The differential probe is useful for directly measuring voltages across devices that aren't return (ground) referenced.
 

shoshin

Site Supporter
Site Supporter
First thing I'd suggest is a few dummy loads. 4-, 8-, and 16-ohm. Signal generator is, in my opinion, a must. A few years ago I picked up a PC based scope. I got a Digilent Analog Discover 2, and I seem to use it almost exclusively these days (on SS gear). In addition to scope and signal generator, it also includes a spectrum analyzer, network analyzer, impedance analyzer, in addition to features you probably don't need, like logic analyzer, pattern generator, and references.

The differential probe is useful for directly measuring voltages across devices that aren't return (ground) referenced.

I like the idea of a quality PC- based scope, though I have a few questions. Is the low input voltage of many PC-based scopes an issue when working with tube amps? Does having a single PC-based set of devices affect the practical convenience?
 

Punker X

Junior Member
Site Supporter
Hardly ever work on tube amps, but I would recommend in addition to the previously mentioned signal generator, probes and dummy loads here is a list of other things that haven't been mentioned yet.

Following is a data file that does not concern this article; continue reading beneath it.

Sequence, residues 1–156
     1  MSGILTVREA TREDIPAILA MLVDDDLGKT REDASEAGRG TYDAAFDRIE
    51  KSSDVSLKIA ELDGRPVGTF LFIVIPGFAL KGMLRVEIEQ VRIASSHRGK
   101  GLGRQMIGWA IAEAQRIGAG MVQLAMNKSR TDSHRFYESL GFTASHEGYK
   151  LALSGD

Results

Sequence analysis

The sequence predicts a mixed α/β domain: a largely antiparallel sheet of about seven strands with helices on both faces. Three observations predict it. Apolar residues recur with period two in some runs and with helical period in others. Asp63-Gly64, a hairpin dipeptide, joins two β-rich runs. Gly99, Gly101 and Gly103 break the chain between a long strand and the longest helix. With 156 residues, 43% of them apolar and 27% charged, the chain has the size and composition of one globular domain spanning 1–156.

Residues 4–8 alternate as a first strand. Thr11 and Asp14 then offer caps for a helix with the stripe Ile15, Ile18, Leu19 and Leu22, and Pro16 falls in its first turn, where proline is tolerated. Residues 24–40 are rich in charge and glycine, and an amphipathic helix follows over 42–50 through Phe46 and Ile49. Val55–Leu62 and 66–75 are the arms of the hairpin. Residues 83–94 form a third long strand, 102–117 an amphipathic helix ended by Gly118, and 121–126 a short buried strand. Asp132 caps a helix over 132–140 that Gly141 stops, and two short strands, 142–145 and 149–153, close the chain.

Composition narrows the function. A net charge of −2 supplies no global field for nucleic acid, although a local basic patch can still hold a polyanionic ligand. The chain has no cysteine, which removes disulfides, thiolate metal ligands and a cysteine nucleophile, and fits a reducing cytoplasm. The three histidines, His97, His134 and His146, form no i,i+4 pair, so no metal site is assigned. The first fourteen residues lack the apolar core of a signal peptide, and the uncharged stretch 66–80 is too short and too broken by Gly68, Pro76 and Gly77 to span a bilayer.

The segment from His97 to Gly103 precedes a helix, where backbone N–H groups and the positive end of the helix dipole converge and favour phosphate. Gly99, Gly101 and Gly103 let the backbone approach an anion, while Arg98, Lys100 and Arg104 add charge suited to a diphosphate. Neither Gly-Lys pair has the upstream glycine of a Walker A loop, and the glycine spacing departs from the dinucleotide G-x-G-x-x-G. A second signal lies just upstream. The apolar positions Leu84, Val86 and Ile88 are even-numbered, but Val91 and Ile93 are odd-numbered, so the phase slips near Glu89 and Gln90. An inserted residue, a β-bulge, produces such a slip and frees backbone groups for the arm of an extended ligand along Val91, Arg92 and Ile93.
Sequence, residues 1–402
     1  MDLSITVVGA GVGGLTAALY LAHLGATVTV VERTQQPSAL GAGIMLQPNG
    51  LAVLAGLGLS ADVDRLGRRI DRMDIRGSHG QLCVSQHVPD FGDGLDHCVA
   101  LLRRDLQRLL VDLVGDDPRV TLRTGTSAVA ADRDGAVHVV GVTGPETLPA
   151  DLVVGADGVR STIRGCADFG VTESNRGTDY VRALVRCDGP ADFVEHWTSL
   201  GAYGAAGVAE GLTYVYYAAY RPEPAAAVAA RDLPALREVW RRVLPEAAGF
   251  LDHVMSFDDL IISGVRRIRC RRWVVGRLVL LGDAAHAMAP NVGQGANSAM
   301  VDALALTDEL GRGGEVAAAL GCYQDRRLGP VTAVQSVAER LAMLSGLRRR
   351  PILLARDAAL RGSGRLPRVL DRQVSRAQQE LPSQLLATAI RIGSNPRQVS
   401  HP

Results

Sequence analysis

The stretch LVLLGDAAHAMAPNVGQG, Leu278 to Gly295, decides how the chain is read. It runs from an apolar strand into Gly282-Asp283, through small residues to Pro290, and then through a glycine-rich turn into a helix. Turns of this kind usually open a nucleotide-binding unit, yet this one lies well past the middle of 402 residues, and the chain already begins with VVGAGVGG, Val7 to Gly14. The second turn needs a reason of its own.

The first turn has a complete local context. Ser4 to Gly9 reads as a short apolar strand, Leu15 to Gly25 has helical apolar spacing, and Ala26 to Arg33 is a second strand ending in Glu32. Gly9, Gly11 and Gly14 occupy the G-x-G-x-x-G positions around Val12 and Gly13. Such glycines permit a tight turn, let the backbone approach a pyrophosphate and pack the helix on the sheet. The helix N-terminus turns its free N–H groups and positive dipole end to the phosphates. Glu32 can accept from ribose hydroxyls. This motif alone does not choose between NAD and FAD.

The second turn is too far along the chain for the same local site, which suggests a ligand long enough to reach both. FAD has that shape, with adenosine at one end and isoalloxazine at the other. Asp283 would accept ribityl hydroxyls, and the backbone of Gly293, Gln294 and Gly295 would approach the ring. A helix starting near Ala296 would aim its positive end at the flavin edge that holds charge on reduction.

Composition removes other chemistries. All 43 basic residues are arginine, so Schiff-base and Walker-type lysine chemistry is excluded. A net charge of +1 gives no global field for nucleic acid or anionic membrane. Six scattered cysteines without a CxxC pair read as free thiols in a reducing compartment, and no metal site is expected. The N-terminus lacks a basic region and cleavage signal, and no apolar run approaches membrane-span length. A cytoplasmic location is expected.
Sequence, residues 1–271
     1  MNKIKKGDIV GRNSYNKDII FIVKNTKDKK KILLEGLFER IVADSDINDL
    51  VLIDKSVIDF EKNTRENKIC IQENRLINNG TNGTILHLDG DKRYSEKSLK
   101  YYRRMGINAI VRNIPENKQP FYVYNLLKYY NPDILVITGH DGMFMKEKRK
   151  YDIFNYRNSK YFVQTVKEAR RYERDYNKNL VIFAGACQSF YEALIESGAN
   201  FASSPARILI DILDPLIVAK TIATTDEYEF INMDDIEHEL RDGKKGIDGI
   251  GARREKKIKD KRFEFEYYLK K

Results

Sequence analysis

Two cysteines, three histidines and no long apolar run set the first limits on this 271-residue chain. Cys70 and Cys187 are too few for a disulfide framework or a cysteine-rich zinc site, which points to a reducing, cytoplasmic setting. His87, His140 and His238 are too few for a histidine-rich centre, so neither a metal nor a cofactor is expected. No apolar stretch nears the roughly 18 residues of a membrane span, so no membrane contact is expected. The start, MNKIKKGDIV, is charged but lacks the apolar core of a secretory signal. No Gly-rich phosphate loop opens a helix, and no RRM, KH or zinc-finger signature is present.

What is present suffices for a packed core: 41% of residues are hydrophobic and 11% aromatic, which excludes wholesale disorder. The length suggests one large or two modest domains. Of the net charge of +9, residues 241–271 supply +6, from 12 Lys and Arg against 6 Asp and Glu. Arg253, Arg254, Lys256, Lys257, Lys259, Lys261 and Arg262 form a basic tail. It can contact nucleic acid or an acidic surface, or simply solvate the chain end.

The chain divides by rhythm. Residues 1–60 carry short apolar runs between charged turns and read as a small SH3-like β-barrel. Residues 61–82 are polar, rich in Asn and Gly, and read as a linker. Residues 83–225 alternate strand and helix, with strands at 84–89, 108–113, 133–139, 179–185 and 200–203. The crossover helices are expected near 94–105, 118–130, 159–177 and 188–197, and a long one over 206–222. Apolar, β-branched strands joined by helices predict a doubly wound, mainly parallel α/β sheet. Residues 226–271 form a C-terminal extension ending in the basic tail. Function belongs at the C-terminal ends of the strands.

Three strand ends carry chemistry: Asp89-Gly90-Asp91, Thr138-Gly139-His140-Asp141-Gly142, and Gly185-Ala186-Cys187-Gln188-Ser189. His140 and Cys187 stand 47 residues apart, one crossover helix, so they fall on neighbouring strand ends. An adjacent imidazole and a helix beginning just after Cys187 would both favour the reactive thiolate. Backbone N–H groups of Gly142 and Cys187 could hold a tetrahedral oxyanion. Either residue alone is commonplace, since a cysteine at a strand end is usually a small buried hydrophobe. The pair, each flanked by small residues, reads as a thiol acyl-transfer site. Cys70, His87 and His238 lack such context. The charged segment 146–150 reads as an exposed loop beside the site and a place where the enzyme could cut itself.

Multimeter
Tube tester
Distortion analyzer
Variac
LCR meter
 
I was concerned about the lower input voltage of PC scopes at first. Mainly, if their input protection is as robust as a bench scope. Turns out, some, but not all, do have decent protection. If you have an input that is 5V (max, not per division), then a X10 probe gets you to 50V max in. Good for outputs, but not internal measurements. A X100 probe then allows probing up to 500V. If that's still not enough, go for a X1000 probe, although these are typically huge and unwieldy, about the size of an artificial inseminater for cattle. You could get a X10 BNC/BNC attenuator to go between the X100 probe and scope input to give you X1000.

I find the all in one aspect of PC gear to be a nice coninience. I mounted a decent sized flat panel display just above where my older Tek scope sits, and really love the huge display of waveforms right in the thick of things. For me, the addition of the network analyzer makes it all worthwhile, for this is an indispensable tool in the way I approach bench work.